Payer
Payer is the expected payer for the hospital stay. To make coding uniform across all HCUP data sources, payer combines detailed categories into general groups:
  • Medicare: includes patients covered by fee-for-service and managed care Medicare
  • Medicaid: includes patients covered by fee-for-service and managed care Medicaid
  • Private Insurance: includes Blue Cross, commercial carriers, and private health maintenance organizations (HMOs) and preferred provider organizations (PPOs)
  • Uninsured: includes an insurance status of self-pay and no charge
  • Other: includes Worker's Compensation, TRICARE/CHAMPUS, CHAMPVA, Title V, and other government programs.

Hospital stays billed to the State Children's Health Insurance Program (SCHIP) may be classified as Medicaid, Private Insurance, or Other, depending on the structure of the State program. Because most State data do not identify patients in SCHIP specifically, it is not possible to present this information separately.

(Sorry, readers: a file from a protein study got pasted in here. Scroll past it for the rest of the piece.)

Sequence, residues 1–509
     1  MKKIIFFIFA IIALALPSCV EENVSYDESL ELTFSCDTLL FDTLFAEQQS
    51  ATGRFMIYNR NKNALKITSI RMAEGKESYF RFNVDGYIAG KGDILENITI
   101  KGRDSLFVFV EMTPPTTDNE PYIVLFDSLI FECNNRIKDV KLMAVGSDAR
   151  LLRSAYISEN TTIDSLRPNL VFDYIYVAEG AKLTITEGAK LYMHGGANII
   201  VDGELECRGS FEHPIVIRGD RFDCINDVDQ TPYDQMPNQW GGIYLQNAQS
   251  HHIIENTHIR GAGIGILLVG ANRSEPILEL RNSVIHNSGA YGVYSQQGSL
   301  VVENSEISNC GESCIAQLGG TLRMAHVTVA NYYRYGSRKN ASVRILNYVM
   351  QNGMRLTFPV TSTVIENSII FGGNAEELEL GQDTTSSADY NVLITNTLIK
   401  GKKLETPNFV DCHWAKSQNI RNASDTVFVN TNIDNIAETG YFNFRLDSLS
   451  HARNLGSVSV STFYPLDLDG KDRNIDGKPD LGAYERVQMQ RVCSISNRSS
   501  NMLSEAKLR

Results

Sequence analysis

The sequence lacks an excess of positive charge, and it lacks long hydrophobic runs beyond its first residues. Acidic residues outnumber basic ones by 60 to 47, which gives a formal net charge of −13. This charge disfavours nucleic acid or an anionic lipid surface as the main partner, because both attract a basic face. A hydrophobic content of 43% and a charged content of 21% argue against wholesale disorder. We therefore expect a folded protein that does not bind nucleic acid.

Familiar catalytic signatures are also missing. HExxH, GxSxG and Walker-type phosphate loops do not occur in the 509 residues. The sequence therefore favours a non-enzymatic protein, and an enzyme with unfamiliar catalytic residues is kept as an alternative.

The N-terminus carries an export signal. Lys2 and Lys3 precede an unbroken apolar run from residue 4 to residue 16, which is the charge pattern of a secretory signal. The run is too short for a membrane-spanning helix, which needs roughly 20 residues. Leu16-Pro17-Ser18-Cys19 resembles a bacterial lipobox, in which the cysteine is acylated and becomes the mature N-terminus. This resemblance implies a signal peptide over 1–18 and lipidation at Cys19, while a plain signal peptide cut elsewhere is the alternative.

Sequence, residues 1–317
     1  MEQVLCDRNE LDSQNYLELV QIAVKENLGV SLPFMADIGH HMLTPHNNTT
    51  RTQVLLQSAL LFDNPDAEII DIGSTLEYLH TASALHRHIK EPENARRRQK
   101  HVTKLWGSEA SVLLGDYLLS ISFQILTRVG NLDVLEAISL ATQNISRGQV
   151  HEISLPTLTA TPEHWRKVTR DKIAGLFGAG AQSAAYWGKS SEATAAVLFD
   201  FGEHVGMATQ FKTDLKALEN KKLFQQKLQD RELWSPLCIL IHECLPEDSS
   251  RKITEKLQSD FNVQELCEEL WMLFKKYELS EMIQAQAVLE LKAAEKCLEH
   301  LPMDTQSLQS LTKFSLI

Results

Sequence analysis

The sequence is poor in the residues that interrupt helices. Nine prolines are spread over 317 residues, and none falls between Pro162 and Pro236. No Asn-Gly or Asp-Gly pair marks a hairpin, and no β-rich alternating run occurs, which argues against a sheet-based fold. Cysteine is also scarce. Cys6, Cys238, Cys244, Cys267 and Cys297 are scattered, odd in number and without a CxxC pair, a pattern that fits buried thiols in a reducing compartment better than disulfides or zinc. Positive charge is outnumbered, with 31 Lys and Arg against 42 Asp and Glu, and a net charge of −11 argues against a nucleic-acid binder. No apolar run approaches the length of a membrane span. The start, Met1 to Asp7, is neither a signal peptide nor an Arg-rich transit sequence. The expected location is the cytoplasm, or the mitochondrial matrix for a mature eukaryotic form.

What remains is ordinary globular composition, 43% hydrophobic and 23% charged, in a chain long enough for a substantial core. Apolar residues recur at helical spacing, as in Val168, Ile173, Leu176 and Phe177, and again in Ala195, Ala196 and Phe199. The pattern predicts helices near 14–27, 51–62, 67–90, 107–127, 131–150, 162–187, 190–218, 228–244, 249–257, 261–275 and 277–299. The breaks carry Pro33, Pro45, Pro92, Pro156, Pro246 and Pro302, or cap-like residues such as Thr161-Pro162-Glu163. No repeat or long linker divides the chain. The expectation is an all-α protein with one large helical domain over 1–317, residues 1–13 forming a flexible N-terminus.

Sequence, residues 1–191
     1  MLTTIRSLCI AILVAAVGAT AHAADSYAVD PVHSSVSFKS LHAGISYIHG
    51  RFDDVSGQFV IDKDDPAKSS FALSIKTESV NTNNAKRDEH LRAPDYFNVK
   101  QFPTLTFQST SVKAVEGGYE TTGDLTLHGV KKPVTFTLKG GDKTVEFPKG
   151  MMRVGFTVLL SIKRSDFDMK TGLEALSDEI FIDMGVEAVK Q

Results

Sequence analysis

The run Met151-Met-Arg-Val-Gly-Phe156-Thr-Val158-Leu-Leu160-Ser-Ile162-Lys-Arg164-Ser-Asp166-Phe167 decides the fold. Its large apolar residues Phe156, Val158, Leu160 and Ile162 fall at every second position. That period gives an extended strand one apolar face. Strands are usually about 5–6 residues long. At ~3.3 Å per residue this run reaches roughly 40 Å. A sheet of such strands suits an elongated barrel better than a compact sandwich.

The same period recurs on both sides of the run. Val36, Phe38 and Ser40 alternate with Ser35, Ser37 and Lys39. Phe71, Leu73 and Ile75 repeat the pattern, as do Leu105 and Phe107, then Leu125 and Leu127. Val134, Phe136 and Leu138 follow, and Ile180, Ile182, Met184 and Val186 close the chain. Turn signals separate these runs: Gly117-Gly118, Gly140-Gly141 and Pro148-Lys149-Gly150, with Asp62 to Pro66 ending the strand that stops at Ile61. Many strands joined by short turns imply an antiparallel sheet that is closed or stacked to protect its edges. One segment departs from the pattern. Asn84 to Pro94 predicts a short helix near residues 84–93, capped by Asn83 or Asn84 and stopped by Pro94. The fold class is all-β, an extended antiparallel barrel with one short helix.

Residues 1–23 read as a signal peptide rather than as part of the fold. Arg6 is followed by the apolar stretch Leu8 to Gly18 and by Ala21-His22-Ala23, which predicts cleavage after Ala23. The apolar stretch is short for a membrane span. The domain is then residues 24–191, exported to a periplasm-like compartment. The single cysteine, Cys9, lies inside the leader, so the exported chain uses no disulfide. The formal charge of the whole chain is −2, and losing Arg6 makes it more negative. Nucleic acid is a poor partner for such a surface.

For the purpose of this analysis, the expected payer designation was assigned based on a hierarchy of Medicare, Medicaid, and then privately insured. Medicare was identified based on a payer code of Medicare as a primary, secondary, or tertiary payer regardless of any other reported payers. This means that individuals who were dually eligible for Medicare and Medicaid were categorized as Medicare. If not already assigned to Medicare, Medicaid was identified based on a payer code of Medicaid as a primary, secondary, or tertiary payer regardless of any other reported payers. If not already assigned to Medicare or Medicaid, private insurance was identified based on a payer code of private insurance as a primary, secondary, or tertiary payer.